Little information. Mees reported a nest in the crown "of a tall tree" in Suriname; the nest was constructed of twigs (Haverschmidt and Mees 1994). Bosque and Molina (2002) presented more detailed information on two nests from Venezuela. One nest was in a fork about 5 m above the ground in a large tree overhanging a river. The second nest was 3.6 m above the ground in a mango tree at the edge of a Native American settlement. Both nests were cup shaped and made of twigs with no lining. Four eggs were observed in the second nest. These averaged 29.9 mm (SD ± 0.9 mm) in length and 23.4 mm (SD ± 0.1 mm) in width. Their average weight was 8.4 g (SD ± 0.3 g). The eggs were white with blotchy brownish grayish spots (Bosque and Molina 2002).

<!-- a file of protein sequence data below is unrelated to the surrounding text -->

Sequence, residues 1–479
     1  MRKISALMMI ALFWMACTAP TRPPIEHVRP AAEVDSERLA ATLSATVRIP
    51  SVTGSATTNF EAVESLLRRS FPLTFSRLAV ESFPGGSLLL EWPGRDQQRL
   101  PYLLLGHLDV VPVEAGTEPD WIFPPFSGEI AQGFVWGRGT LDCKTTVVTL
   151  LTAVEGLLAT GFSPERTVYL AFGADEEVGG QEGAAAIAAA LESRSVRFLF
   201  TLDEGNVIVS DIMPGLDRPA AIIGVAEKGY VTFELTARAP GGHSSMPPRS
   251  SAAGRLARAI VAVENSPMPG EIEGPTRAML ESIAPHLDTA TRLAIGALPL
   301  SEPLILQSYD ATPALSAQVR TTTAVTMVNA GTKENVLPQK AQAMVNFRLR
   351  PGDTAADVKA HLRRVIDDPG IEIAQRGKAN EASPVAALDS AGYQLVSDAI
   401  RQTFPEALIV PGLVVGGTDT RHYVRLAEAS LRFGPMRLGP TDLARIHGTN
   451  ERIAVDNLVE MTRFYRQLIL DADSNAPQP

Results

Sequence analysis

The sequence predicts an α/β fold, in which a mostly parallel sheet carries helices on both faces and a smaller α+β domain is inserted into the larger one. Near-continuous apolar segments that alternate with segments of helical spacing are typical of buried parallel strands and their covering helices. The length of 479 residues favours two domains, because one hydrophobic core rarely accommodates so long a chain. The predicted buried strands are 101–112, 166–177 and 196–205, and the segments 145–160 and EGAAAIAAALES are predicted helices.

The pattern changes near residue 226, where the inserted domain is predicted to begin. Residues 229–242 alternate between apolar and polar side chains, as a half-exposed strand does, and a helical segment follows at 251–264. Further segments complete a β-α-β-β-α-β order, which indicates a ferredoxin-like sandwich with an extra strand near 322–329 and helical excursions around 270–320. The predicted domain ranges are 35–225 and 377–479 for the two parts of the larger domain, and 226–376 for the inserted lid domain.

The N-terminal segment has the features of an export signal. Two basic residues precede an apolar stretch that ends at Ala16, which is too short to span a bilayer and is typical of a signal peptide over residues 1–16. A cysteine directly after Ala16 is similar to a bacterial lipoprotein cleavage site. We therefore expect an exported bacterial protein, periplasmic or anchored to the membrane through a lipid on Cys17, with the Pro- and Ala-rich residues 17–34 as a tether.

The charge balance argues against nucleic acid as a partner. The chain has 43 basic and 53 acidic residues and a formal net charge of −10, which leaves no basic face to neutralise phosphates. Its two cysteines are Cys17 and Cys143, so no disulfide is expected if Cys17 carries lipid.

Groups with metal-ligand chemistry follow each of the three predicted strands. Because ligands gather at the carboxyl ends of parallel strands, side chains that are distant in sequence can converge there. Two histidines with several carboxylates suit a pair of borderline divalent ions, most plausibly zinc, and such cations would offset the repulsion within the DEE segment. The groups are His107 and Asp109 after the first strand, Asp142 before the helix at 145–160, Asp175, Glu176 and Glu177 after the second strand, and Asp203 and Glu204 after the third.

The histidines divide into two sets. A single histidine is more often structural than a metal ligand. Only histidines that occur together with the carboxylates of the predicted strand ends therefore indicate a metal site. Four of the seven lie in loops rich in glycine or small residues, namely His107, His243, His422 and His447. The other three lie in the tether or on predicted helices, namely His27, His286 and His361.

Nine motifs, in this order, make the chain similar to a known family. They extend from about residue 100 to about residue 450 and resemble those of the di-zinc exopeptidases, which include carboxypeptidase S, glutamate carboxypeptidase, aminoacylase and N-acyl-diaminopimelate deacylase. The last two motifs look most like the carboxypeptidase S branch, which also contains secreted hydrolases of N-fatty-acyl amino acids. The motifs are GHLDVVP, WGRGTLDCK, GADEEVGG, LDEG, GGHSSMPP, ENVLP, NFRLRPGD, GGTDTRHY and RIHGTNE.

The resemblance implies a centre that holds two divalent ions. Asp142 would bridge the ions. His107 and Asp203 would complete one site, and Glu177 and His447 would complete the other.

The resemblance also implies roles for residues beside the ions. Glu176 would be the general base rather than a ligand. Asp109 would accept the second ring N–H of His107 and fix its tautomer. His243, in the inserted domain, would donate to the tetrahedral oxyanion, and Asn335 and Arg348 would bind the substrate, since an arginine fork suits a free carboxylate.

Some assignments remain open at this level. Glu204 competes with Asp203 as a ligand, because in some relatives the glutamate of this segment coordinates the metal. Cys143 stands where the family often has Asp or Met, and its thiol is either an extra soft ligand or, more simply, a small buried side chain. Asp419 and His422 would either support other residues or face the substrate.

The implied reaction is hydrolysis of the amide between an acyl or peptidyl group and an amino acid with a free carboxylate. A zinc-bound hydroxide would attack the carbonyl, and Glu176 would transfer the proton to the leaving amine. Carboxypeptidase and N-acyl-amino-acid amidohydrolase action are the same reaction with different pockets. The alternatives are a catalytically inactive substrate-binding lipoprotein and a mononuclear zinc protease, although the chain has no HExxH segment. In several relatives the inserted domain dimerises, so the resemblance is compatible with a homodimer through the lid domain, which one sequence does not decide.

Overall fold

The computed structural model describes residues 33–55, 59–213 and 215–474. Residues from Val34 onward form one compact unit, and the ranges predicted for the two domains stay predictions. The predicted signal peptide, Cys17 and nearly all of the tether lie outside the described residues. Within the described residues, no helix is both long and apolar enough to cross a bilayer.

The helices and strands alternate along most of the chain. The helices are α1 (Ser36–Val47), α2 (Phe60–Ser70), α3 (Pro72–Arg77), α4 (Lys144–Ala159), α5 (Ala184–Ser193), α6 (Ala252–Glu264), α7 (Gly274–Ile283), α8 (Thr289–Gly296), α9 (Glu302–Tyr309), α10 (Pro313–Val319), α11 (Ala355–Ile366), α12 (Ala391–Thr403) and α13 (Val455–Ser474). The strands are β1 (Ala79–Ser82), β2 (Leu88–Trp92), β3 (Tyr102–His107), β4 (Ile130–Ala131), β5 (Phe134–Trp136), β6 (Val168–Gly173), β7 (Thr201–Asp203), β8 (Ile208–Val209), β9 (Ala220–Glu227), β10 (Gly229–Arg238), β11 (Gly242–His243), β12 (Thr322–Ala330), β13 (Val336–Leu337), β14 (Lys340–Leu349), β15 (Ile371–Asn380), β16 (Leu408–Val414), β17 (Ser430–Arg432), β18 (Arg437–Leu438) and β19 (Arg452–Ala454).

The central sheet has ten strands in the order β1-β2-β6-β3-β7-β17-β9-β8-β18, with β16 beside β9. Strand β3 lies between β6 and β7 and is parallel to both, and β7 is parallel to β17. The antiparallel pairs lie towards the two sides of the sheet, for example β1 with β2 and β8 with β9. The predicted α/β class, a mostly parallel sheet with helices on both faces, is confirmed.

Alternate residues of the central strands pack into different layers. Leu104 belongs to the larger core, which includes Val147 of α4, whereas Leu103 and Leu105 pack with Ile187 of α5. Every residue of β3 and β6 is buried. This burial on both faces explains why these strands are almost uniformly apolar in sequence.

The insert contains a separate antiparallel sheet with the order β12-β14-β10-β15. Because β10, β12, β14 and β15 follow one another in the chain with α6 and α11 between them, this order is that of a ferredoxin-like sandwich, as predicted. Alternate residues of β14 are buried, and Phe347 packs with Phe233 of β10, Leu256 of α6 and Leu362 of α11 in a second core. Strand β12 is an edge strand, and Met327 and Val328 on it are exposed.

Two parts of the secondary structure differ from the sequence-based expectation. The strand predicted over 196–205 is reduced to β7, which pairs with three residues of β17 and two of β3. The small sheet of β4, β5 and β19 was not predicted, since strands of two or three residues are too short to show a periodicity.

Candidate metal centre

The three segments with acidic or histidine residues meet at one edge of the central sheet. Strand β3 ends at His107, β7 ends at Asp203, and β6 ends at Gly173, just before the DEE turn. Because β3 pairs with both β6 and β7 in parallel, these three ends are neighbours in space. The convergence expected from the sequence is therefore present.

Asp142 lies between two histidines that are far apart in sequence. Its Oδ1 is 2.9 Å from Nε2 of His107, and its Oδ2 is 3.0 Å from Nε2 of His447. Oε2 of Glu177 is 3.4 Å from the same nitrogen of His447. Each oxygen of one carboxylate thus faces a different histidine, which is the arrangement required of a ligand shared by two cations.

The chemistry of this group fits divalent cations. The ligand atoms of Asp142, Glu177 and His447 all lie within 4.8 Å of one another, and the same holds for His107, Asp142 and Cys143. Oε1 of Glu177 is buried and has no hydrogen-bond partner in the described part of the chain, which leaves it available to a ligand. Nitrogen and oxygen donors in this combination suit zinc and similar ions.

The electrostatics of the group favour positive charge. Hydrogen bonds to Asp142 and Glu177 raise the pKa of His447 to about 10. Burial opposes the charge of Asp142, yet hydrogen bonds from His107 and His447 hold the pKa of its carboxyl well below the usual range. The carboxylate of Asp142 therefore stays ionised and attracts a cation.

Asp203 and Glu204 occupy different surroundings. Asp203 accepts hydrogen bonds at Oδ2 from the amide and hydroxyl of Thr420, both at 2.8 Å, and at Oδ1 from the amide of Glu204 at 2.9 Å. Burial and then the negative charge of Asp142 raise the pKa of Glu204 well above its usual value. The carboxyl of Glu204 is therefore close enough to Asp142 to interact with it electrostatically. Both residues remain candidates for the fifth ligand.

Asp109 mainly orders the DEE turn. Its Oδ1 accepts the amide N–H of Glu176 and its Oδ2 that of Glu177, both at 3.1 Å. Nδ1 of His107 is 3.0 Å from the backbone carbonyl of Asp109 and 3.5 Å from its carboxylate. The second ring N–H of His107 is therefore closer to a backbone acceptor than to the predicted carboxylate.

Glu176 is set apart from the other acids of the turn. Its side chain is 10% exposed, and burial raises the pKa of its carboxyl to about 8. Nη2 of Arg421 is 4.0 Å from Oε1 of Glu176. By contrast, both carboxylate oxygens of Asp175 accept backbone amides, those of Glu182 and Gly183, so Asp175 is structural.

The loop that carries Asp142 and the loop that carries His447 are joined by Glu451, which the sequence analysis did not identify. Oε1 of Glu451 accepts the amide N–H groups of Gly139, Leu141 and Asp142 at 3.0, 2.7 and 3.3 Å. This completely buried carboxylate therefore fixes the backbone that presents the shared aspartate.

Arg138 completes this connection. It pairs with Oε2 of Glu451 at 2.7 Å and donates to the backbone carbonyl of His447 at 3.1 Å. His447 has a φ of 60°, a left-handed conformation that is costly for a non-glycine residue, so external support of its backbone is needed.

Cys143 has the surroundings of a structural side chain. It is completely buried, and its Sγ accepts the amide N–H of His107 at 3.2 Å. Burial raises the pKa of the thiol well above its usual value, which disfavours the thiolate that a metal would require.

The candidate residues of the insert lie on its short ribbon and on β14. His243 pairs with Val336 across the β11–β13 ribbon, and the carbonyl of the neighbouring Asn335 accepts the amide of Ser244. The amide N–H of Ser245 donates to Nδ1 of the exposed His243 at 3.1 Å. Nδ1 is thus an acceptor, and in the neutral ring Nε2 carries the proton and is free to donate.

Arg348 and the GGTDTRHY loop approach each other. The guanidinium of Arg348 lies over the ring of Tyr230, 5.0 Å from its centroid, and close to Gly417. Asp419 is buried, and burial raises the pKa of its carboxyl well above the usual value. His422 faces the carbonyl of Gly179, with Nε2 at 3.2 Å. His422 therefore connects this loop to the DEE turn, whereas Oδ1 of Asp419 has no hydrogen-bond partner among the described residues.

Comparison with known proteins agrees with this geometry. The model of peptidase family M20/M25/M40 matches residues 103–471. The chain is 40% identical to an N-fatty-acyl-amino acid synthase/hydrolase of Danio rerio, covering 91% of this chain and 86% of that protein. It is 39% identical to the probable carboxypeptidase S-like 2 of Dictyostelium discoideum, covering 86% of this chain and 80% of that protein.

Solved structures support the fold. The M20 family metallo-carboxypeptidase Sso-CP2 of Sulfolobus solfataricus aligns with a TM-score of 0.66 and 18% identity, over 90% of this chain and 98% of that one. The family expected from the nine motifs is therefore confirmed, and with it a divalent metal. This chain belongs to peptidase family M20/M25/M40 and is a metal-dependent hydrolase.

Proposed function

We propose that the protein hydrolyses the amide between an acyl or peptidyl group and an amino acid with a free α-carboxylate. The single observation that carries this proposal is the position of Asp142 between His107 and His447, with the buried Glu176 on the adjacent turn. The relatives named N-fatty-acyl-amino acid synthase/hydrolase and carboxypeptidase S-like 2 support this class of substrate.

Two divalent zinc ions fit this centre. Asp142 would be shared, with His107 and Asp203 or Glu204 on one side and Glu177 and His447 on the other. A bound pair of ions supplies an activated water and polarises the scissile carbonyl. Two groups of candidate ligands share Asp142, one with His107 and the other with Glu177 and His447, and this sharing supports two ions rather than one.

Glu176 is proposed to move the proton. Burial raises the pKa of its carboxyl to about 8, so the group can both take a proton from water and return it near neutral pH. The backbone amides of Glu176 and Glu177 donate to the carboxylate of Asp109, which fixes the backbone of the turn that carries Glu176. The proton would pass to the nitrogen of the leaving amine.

The Cayenne Jay is a cooperative breeder with a minimum of three individuals providing food to nestlings (Bosque and Molina 2002) for nestlings. Additionally, four birds participated in mobbing behavior at a nest directed at a perceived predator (see Predation).
Nests in Suriname were encountered in May (Haverschmidt and Mees 1994), and in Venezuela in April (Bosque and Molina 2002). Hilty (2003) gives January-March as the breeding season in Venezuela.